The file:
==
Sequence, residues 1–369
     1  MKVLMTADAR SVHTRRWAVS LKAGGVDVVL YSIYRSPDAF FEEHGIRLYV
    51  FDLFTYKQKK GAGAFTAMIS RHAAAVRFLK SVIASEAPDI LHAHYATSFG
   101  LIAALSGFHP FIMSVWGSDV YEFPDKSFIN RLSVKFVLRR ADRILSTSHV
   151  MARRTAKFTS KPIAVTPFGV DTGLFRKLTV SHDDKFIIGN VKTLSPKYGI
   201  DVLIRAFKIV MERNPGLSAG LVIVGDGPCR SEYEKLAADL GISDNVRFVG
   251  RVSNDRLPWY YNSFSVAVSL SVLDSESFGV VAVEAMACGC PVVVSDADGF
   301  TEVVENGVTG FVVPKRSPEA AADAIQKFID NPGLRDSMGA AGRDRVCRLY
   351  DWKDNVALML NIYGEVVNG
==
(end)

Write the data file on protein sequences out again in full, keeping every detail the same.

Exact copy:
Sequence, residues 1–369
     1  MKVLMTADAR SVHTRRWAVS LKAGGVDVVL YSIYRSPDAF FEEHGIRLYV
    51  FDLFTYKQKK GAGAFTAMIS RHAAAVRFLK SVIASEAPDI LHAHYATSFG
   101  LIAALSGFHP FIMSVWGSDV YEFPDKSFIN RLSVKFVLRR ADRILSTSHV
   151  MARRTAKFTS KPIAVTPFGV DTGLFRKLTV SHDDKFIIGN VKTLSPKYGI
   201  DVLIRAFKIV MERNPGLSAG LVIVGDGPCR SEYEKLAADL GISDNVRFVG
   251  RVSNDRLPWY YNSFSVAVSL SVLDSESFGV VAVEAMACGC PVVVSDADGF
   301  TEVVENGVTG FVVPKRSPEA AADAIQKFID NPGLRDSMGA AGRDRVCRLY
   351  DWKDNVALML NIYGEVVNG